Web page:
Earlier this year, when we took such jaunts for granted, four UK wine experts headed to Alsace for a comprehensive, three-day assessment of the region’s wines, part of a joint IWSC/Club Oenologique initiative with the CIVA (Conseil Interprofessionnel des Vins d’Alsace).
The panel consisted of Steven Spurrier, IWSC Honorary Chair; Rebecca Palmer, wine buyer at Corney & Barrow; Kelly Stevenson, wine consultant for various airlines including; and me (I’m an IWSC panel chair, consultant and former Michelin-starred restaurateur). The idea was to taste through a broad selection of wines spanning three types – Riesling, Gewurztraminer and Cremant – and decide on a top dozen standout performers.
The panel tasted 120 wines which it narrowed down to a standout dozen – four cremants, two Gewurztraminers and six Rieslings. The tasting was conducted non-blind, and although there were discussions on finalists, the panel was mostly in agreement; certainly all four tasters felt that the quality of the wines on show – the Gewurztraminer especially – was exceptional.
It was great to see quality Cremant hold its own, showcasing this great value sparkling wine (though for me these sparkling beauties had a texture and depth that made them more of a wine than a fizz – to their benefit).
Gewurtztraminer is a grape variety that excels here, offering wines that perfectly complement delicate fine food. The best are a far cry from the memory of poorer ‘Granny’ Gewurtztraminers – all talcum powder and violets.
And of course Alsace provides a perfect breeding ground for Riesling, the differing soil types lending unique mineral nuances, the sunny weather yielding delicate aromas, subtle citrus fruit and some stone fruit for depth.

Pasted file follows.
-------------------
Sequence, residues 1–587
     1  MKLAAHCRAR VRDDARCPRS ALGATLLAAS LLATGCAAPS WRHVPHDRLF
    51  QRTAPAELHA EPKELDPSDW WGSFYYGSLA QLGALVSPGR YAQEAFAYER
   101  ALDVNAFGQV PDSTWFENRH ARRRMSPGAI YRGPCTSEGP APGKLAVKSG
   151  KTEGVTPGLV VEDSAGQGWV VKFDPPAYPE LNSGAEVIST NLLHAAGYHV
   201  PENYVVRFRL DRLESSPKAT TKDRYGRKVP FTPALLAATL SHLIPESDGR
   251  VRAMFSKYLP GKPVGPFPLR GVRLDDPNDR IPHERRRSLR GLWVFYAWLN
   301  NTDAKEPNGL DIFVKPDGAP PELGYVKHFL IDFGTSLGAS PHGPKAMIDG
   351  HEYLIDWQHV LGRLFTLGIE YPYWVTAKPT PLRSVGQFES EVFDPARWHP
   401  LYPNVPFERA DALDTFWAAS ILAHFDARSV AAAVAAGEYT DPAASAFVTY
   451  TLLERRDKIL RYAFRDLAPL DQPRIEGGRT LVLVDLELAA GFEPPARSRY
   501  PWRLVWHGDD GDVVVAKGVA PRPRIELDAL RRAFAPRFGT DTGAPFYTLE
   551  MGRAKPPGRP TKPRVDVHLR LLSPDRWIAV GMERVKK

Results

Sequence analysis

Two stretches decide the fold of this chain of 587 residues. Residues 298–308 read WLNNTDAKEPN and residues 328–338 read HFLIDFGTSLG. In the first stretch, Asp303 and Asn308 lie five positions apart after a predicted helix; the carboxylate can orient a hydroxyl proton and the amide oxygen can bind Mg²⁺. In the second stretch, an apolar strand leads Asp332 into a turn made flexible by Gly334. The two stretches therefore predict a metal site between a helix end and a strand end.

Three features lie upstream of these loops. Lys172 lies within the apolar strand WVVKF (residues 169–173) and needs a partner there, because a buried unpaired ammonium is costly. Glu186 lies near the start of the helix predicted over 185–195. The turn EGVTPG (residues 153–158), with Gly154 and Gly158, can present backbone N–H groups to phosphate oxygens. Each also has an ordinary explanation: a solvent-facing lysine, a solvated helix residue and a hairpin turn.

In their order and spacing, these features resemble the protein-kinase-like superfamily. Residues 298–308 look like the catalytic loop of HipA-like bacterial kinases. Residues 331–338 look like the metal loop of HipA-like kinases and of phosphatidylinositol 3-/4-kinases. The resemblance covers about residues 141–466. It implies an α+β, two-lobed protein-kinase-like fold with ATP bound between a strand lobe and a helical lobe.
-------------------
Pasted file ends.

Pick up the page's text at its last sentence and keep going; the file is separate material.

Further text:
Narrowing the wines down to a dozen was a thankless task – in truth we were spoiled for choice. And, of course, we were only skimming the surface – as became clear on a whistlestop tour we made of five producers responsible for some of the very finest wines the region is producing: Cave de Turckheim, Sipp Mack, Josmeyer, Domaine Zind-Humbrecht and Dirler-Cade. I hope you will allow me, then, to buttress our choices below by namechecking a wine from each that stood out.
Among the highlights from these visits was the easy-drinking and beautifully balanced Sylvaner Vieilles Vignes 2018 from Sipp Mack (formed in 1959 with the marriage of Francois Sipp and Maire Louise Mack, though both families had been making wine for nine generations). Then there was the very pure 2015 Old Vines Gewurztraminer 2015 from Cave de Turckheim, one of France’s major cooperatives.
Josmeyer’s Pinot Auxerrois Vielles Vignes “H” 2017 was a brilliant example of a wine which is not a grand cru (these can only be produced from Riesling, Muscat, Pinot Gris or Gewurztraminer) but whose purity, precision and balance easily puts in that quality category.
And while it would be foolish to pick a favourite from Zind-Humbrecht, the Clos Saint Urbain Rangen de Thann Grand Cru 2010 was a spectacular wine, its controlled sweetness and luscious purity reminiscent of Château d’Yquem.
Finally, at Dirler-Cade, whose 18ha southern Alsace estate is almost half grand cru, and which is renowned for pioneering sparkling wine in the 19th century, I was taken by the Gewurztraminer Spiegeleisen Grand Cru 2016: a beautiful wine, precisely balanced, rich without any flamboyance. Much like the region itself.
Want to win six top-rated bottles of wine from Alsace? We’re hosting a giveaway on Instagram and the prize features some of our experts’ favourite picks from this Alsace tasting – worth almost £200! Enter the competition here.